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Incidence and risk factors for surgical site infections in obstetric and gynecological surgeries from a teaching hospital in rural India
Uppsala universitet, Medicinska och farmaceutiska vetenskapsområdet, Medicinska fakulteten, Institutionen för kvinnors och barns hälsa, Internationell mödra- och barnhälsovård (IMCH). Ruxmaniben Deepchand Gardi Med Coll, Dept Paediat, Ujjain, Madhya Pradesh, India.; Karolinska Inst, Dept Publ Hlth Sci, Global Hlth Hlth Syst & Policy, Stockholm, Sweden..
Ruxmaniben Deepchand Gardi Med Coll, Dept Obstet & Gynecol, Ujjain, Madhya Pradesh, India..
Ruxmaniben Deepchand Gardi Med Coll, Dept Obstet & Gynecol, Ujjain, Madhya Pradesh, India..
Ruxmaniben Deepchand Gardi Med Coll, Dept Obstet & Gynecol, Ujjain, Madhya Pradesh, India..
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2017 (Engelska)Ingår i: Antimicrobial Resistance and Infection Control, ISSN 2047-2994, E-ISSN 2047-2994, Vol. 6, artikel-id 66Artikel i tidskrift (Refereegranskat) Published
Abstract [en]

Background: Surgical site infections (SSI) are one of the most common healthcare associated infections in the low-middle income countries. Data on incidence and risk factors for SSI following surgeries in general and Obstetric and Gynecological surgeries in particular are scare. This study set out to identify risk factors for SSI in patients undergoing Obstetric and Gynecological surgeries in an Indian rural hospital.

Methods: Patients who underwent a surgical procedure between September 2010 to February 2013 in the 60-bedded ward of Obstetric and Gynecology department were included. Surveillance for SSI was based on the Centre for Disease Control (CDC) definition and methodology. Incidence and risk factors for SSI, including those for specific procedure, were calculated from data collected on daily ward rounds.

Results: A total of 1173 patients underwent a surgical procedure during the study period. The incidence of SSI in the cohort was 7.84% (95% CI 6.30-9.38). Majority of SSI were superficial. Obstetric surgeries had a lower SSI incidence compared to gynecological surgeries (1.2% versus 10.3% respectively). The risk factors for SSI identified in the multivariate logistic regression model were age (OR 1.03), vaginal examination (OR 1.31); presence of vaginal discharge (OR 4.04); medical disease (OR 5.76); American Society of Anesthesia score greater than 3 (OR 12.8); concurrent surgical procedure (OR 3.26); each increase in hour of surgery, after the first hour, doubled the risk of SSI; inappropriate antibiotic prophylaxis increased the risk of SSI by nearly 5 times. Each day increase in stay in the hospital after the surgery increased the risk of contacting an SSI by 5%.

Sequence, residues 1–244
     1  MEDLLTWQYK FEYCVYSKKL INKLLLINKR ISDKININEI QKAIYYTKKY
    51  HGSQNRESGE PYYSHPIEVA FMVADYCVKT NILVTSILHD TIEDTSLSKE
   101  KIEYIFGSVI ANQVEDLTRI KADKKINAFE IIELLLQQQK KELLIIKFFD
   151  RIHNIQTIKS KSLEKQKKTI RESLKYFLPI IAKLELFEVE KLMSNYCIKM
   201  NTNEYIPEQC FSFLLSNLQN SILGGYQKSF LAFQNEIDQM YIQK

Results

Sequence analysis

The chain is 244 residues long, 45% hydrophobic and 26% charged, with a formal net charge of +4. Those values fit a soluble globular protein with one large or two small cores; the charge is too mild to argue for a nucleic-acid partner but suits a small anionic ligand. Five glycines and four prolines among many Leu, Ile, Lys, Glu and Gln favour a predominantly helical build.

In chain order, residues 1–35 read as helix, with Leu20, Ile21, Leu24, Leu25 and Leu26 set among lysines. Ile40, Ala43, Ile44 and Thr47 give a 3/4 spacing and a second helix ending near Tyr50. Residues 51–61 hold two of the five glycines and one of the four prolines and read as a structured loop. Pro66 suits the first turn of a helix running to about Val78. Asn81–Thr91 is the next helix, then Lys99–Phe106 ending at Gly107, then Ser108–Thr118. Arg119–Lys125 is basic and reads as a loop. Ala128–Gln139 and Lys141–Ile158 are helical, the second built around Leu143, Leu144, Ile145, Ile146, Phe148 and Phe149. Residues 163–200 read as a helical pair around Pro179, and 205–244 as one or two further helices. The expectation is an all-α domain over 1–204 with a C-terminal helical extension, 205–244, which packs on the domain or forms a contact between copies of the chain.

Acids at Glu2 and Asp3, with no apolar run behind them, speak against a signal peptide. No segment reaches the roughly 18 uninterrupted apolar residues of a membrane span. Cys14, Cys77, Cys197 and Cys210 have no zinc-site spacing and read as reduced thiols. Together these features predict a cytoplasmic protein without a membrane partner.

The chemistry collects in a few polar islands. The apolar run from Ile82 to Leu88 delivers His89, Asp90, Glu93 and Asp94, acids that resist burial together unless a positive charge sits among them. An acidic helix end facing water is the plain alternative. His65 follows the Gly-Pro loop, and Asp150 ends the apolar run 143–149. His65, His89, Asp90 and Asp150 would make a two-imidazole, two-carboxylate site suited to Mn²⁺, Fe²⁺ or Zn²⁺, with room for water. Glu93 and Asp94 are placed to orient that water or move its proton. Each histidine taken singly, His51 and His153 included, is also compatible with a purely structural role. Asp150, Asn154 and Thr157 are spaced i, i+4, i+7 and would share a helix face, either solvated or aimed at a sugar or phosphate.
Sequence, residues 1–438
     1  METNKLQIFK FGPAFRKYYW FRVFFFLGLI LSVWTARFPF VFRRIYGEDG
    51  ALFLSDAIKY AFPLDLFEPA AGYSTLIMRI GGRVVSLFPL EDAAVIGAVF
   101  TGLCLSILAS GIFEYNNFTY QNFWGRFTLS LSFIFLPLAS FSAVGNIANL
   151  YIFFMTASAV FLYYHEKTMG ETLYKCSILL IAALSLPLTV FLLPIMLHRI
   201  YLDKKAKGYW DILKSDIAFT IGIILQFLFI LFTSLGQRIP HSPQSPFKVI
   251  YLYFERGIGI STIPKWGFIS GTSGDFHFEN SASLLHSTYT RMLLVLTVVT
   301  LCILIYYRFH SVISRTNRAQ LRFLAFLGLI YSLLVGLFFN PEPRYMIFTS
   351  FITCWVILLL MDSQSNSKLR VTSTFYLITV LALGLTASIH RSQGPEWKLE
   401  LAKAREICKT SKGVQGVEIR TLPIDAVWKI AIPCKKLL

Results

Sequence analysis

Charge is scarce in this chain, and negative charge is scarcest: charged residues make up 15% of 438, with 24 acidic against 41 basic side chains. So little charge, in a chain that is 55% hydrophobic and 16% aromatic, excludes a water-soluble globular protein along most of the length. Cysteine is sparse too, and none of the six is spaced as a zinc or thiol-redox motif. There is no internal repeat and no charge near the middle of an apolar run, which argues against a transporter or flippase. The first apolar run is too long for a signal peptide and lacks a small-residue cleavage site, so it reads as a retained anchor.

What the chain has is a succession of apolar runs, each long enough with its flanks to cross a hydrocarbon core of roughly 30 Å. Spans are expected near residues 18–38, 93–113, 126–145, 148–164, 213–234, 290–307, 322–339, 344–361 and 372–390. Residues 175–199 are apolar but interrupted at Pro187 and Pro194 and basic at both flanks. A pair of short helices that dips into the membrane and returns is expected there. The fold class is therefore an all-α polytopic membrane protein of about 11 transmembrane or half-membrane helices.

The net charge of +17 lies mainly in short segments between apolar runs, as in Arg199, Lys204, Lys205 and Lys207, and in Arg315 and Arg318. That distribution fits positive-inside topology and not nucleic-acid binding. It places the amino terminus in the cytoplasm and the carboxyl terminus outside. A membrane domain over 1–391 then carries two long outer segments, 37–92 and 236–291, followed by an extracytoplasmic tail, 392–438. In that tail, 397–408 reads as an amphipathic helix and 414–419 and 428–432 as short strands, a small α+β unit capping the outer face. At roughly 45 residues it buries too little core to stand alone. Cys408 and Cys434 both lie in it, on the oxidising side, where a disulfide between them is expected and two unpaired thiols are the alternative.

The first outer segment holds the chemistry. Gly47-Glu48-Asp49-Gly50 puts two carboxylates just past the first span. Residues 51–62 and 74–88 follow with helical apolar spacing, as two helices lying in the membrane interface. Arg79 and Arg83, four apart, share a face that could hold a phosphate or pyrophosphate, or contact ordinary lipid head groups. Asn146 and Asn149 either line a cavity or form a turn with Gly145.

Conclusions: Incidence and risk factors from prospective SSI surveillance can be reported simultaneously for the Obstetric and Gynecological surgeries and can be part of routine practice in resource-constrained settings. The incidence of SSI was lower for Obstetric surgeries compared to Gynecological surgeries. Multiple risk factors identified in the present study can be helpful for SSI risk stratification in low-middle income countries.

Ort, förlag, år, upplaga, sidor
BIOMED CENTRAL LTD , 2017. Vol. 6, artikel-id 66
Nyckelord [en]
Surgical site infection, Healthcare associated infections, Obstetric and gynecological surgeries, Incidence, Risk factors, India
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Hälsovetenskaper
Identifikatorer
URN: urn:nbn:se:uu:diva-329675DOI: 10.1186/s13756-017-0223-yISI: 000403480000002PubMedID: 28630690OAI: oai:DiVA.org:uu-329675DiVA, id: diva2:1142566
Forskningsfinansiär
Vetenskapsrådet, K2007-70X-20,514-01-3Tillgänglig från: 2017-09-19 Skapad: 2017-09-19 Senast uppdaterad: 2017-11-29Bibliografiskt granskad

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Pathak, Ashish
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Internationell mödra- och barnhälsovård (IMCH)
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Antimicrobial Resistance and Infection Control
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